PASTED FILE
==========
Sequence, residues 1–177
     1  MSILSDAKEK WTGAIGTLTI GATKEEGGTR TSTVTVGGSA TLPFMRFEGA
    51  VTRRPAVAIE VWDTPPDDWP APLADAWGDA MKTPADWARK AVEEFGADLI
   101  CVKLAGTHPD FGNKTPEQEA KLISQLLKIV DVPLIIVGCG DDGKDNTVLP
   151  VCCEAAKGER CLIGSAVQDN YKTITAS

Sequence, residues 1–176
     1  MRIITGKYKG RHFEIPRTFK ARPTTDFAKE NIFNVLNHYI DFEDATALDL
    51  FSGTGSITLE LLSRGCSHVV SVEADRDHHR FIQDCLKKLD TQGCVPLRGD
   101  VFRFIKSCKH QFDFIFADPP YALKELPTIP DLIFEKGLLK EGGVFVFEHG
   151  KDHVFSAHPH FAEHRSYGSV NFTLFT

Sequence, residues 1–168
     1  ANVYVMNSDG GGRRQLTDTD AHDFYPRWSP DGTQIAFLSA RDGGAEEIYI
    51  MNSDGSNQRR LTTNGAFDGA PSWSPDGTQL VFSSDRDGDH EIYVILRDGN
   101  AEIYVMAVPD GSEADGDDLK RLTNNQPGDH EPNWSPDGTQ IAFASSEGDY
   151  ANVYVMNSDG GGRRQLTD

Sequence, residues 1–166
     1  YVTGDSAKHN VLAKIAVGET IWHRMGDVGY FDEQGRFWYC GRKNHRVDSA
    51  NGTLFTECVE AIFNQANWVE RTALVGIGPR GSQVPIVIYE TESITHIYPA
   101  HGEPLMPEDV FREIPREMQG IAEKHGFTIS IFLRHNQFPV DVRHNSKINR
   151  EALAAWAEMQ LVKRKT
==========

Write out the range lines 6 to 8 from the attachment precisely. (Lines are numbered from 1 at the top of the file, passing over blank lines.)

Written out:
Sequence, residues 1–176
     1  MRIITGKYKG RHFEIPRTFK ARPTTDFAKE NIFNVLNHYI DFEDATALDL
    51  FSGTGSITLE LLSRGCSHVV SVEADRDHHR FIQDCLKKLD TQGCVPLRGD